Prodigal Son Review

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By Elizabeth Kramer for Courier-Journal

A Louisville east end church seemed to be turned back in time as men in brown monks robes strode down the aisle to mount the central raised platform singing the music of composer Benjamin Britten in his 1968 opera “The Prodigal Son.”

Their entrance in the Kentucky Opera’s and the Louisville Choral Arts Society’s joint production of this nearly one-hour opera marked the beginning of a captivating evening at St. Francis in the Fields Episcopal Church in Harrods Creek. The opera, directed by Thomson Smillie, entailed the group soon transforming themselves into performers to begin telling the story that maintains such power even in modern times.

Moving performances by members of the opera’s studio artist program in the roles of the two sons, their father and the Abbott, who becomes a tempter in the monks’ play, infused the parable’s themes of temptation, loss and forgiveness with deep emotion.

Soon after the monks’ entrance, the music melted from that echoing the medieval era to a mix of sounds imbued with the music of Asia evoking the journey’s of other 20th century composers into music from lands far from their own.

This mutation blends effectively with the parable, familiar to almost anyone who grew up in the Christian tradition, about the son, bored with life on his father’s farm, who asks for his inheritance to go seek an exciting life in a far-off city.

Tenor Patrick MacDevitt as the young son befittingly looked a bit like a confused adolescent thinking about his life as the tempter, authoritatively sung by tenor Brad Raymond, lurked behind him chronicling the son’s dreary life and detailing the thrilling one beyond the farm. His capable singing accompanied a strong performance that must illustrate a journey with a powerful transformation. As the son, he doesn’t quite get what he’s bargained for. He gambles his money away and then a famine hits compelling him to go back home to his father in shame. Throughout MacDevitt gave his character the feeling naively experiencing so much in the world for the first-time.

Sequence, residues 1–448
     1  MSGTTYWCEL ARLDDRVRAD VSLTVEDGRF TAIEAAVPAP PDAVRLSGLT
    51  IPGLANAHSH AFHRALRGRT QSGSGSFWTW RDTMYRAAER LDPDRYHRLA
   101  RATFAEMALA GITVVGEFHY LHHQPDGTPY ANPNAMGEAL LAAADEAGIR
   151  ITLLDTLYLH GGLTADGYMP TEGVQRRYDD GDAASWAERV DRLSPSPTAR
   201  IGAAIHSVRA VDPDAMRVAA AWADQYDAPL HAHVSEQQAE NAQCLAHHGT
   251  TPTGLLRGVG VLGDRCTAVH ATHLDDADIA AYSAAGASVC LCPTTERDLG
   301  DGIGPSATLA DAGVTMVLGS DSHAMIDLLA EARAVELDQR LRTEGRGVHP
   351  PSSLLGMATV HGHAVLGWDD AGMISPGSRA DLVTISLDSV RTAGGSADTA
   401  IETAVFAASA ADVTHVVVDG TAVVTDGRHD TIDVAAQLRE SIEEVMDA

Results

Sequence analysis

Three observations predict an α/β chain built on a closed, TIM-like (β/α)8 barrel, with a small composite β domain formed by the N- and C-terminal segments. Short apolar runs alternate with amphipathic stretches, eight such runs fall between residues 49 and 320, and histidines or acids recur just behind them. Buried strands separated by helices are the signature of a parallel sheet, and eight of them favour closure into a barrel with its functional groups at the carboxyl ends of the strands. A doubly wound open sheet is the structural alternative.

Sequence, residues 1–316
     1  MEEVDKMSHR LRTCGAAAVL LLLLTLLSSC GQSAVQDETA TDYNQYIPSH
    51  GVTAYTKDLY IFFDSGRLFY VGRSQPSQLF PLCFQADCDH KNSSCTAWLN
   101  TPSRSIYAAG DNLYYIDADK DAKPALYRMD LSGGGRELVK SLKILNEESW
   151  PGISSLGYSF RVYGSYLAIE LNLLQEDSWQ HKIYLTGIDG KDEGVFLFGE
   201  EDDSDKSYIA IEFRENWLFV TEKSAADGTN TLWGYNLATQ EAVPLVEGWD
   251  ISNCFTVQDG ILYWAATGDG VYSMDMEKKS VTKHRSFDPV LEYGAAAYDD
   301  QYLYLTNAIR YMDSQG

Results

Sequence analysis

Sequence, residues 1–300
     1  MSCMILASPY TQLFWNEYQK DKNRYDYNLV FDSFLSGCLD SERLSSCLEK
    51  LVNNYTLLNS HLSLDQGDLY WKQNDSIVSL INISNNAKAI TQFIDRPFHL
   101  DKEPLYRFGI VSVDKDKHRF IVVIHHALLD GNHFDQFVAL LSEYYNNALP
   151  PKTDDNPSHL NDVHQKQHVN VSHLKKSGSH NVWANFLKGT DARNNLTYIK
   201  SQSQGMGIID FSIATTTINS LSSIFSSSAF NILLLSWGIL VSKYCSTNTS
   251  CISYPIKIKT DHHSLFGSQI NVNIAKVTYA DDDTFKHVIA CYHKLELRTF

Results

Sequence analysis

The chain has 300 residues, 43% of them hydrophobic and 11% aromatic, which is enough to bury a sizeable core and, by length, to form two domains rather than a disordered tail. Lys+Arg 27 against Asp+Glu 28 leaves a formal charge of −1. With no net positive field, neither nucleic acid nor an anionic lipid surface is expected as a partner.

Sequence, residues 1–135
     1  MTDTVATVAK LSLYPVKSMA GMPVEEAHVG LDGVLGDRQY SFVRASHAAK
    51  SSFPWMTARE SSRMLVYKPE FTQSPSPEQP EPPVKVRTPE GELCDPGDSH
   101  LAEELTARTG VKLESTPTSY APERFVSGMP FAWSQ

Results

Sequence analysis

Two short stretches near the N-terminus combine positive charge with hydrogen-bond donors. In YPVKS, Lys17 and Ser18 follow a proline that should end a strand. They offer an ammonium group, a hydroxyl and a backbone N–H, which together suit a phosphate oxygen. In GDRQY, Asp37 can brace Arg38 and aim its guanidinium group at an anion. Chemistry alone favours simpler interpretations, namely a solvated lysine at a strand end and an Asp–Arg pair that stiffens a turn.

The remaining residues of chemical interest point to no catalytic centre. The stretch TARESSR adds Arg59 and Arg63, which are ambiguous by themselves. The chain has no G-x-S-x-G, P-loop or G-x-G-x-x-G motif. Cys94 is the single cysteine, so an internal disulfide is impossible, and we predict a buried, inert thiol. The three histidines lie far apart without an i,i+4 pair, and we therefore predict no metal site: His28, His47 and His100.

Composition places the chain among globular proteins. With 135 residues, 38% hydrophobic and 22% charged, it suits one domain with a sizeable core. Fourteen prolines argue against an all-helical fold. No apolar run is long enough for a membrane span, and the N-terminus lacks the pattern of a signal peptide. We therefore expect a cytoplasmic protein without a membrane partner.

As the tempter, Raymond’s power held firm throughout not only in his performance held bore not only a wickedness, but a strength that his voice held concisely throughout the production as did his ability to convey nuance.

While John Arnold, the bass-baritone who played the father, had limited time on stage, his notable voice has a clarity and range that gave the production an added radiance. (With his beard, he also looks a bit like Justin Timberlake.) Opera audiences would be fortunate to hear more of him.

The seven-piece ensemble, led by music director James Rightmyer, was tight, especially working with the often complicated rhythms and percussion that are part of the score. Hearing the combination of viola, bass, flute, horn, trumpet and percussion along with a harp reinforces the power and creativeness of Britten’s work.